In preferred embodiments of the invention, the plurality of ribs 62 comprises ribs which are located to be symmetrical about the axis of symmetry. And, as shown in FIGS. 2 and 3, a preferred orientation of the ribs are to form chevron-like arrangements of ribs. For example, and with reference to FIG. 3, ribs 62a and 62d form a first symmetrical chevron-like arrangement, and ribs 62b and 62c form a second chevron-like arrangement. The chevron-like arrangements are located to be symmetrical about the axis of symmetry (X-axis), which passes through a central portion of region 56, such that angle ∝ is substantially equal to angle β. Also, rib 62e has a triangular-like shape and is centered to be symmetrical about the axis of symmetry. As shown in FIG. 2 the orientation of the wiper 44 and the ribs 62 are such that the axis of symmetry is substantially parallel to a direction of wiping, wherein the direction of wiping may be bidirectional, as indicated by the double headed arrow 72.
Preferably, angle ∝ and angle β are each in the range of about 5° to about 85°. As angle ∝ and angle β decreases toward the lower portion of this range, however, it is necessary to adjust the spacing between the ribs so that the entire cleaning surface of printhead wiper 44 contacts the cumulative outer surface 66 of at least a portion of the ribs 62, so that no portion of the cleaning surface of wiper 44 is missed in a single cleaning pass. To maximize the length of the ribs 62 and the spacing of ribs 62, and still perform the desired cleaning of the cleaning surface of wiper 44, angles ∝ and β are preferrably in a range of about 30° to about 60°.
FIGS. 4A, 4B and 4C show alternative symmetrical rib orientations for a cleaning zone 61 of the invention. FIG. 4A shows an orientation of ribs 80a-80c and cavities 82a-82e which essentially form an inversion of the placement of the ribs 62 and cavities 64 shown in FIGS. 2 and 3. FIG. 4B shows a configuration of ribs 84a-84d and cavities 86a-86d, wherein ribs 84a-84d form a first pair of chevron-shaped ribs 84a, 84d and a second pair of chevron-shaped ribs 84b, 84c which are located to be symmetrical with respect to the axis of symmetry (X-axis). FIG. 4C shows a symmetrical arrangement of ribs 88a-88e and cavities 90a-90c, wherein the ribs have a curved shape.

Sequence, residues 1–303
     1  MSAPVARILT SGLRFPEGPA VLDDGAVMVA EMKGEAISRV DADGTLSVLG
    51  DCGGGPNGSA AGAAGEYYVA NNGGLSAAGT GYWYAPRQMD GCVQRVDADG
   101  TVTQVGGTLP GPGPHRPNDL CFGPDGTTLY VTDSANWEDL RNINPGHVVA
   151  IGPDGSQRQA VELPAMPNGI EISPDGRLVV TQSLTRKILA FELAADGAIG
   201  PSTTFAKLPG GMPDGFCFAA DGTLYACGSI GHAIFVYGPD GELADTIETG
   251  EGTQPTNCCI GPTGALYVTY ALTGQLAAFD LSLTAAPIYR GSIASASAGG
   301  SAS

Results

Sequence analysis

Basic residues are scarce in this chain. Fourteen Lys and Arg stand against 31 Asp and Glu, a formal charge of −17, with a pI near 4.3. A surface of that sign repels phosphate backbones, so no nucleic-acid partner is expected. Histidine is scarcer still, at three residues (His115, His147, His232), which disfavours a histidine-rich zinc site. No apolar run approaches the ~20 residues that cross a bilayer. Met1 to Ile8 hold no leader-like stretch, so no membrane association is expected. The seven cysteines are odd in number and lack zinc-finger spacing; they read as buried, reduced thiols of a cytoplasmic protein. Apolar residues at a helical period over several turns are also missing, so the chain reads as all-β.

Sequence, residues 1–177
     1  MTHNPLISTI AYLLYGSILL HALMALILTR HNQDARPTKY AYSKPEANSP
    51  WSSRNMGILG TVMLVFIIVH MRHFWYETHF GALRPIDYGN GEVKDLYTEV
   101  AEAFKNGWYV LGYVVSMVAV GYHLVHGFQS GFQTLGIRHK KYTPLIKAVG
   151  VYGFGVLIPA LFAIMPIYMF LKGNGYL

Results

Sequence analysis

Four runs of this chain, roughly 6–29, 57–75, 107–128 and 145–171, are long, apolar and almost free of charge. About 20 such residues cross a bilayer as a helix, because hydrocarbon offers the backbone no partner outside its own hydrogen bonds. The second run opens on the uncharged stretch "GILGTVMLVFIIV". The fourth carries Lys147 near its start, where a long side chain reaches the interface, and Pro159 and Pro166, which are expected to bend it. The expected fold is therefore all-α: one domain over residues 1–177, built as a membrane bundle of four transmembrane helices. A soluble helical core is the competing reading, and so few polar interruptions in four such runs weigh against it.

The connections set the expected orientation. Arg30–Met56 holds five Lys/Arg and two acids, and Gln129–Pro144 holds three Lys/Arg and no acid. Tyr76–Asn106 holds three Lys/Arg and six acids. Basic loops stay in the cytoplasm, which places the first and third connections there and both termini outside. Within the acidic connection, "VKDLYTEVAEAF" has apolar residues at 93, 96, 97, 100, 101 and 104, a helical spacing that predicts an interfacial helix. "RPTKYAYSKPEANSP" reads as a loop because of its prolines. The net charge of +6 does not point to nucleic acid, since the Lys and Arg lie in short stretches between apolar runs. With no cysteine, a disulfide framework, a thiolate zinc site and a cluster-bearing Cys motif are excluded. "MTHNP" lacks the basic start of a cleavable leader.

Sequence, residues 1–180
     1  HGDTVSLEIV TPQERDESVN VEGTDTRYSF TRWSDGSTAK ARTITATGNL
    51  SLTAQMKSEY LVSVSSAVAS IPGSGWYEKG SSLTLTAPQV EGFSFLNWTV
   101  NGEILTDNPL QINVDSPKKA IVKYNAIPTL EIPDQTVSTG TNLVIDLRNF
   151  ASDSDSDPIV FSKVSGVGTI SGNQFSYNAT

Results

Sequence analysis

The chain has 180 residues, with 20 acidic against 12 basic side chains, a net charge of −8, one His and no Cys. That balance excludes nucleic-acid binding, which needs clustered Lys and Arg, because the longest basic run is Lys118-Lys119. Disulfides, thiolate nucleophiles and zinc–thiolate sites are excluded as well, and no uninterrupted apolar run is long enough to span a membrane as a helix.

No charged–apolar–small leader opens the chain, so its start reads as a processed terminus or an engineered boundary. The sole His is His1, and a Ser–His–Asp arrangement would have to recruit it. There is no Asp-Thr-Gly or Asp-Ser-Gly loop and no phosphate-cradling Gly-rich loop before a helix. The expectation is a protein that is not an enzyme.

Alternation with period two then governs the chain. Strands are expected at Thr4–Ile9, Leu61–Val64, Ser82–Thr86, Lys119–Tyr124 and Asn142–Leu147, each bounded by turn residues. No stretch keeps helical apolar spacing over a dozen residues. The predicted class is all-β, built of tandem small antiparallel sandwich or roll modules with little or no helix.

FIG. 4D shows another alternative orientation of ribs, in which ribs 92a-92c and cavities 94a-94d are angularly disposed across the cleaning zone, but in which the ribs are not symmetrical with respect to the X-axis.
As was the case with ribs 62 shown in FIG. 2, the ribs 80, 84, 88 and 92 of FIGS. 4A-4D, respectively, are located and spaced such that the entire cleaning surface of wiper 44 comes in contact with at least a portion of the ribs during a single cleaning pass. The orientation of the plurality of ribs effectively guide the wiper blade as wiper 44 traverses cleaning zone 61, and in symmetrical arrangements of ribs as shown in FIGS. 2, 3 and 4A-4C, the ribs guide wiper 44 in a direction parallel to the axis of symmetry (X-axis).
Although the present invention has been described with reference to preferred embodiments, workers skilled in the art will recognize the changes may be made in form and detail without departing from the spirit and scope of the following claims.
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|U.S. Classification||347/33, 400/701|
|International Classification||B41J2/14, B41J2/165, B41J2/175|
|Cooperative Classification||B41J2/17553, B41J2/17513, B41J2/16541, B41J2/16538, B41J2/1433|
|European Classification||B41J2/175C2, B41J2/165C2B, B41J2/14G, B41J2/175C8|
|Oct 20, 1995||AS||Assignment|
Owner name: LEXMARK INTERNATIONAL, INC., CONNECTICUT
Free format text: ASSIGNMENT OF ASSIGNORS INTEREST;ASSIGNORS:BRANDON, FRED Y.;GIBSON, BRUCE D.;JAMES, EDMUND H. III;AND OTHERS;REEL/FRAME:007747/0354
Effective date: 19951020
|Sep 30, 2002||FPAY||Fee payment|
Year of fee payment: 4
|Nov 20, 2006||FPAY||Fee payment|
Year of fee payment: 8
|Nov 18, 2010||FPAY||Fee payment|
Year of fee payment: 12
|May 14, 2013||AS||Assignment|
Owner name: FUNAI ELECTRIC CO., LTD, JAPAN
Free format text: ASSIGNMENT OF ASSIGNORS INTEREST;ASSIGNORS:LEXMARK INTERNATIONAL, INC.;LEXMARK INTERNATIONAL TECHNOLOGY, S.A.;REEL/FRAME:030416/0001
Effective date: 20130401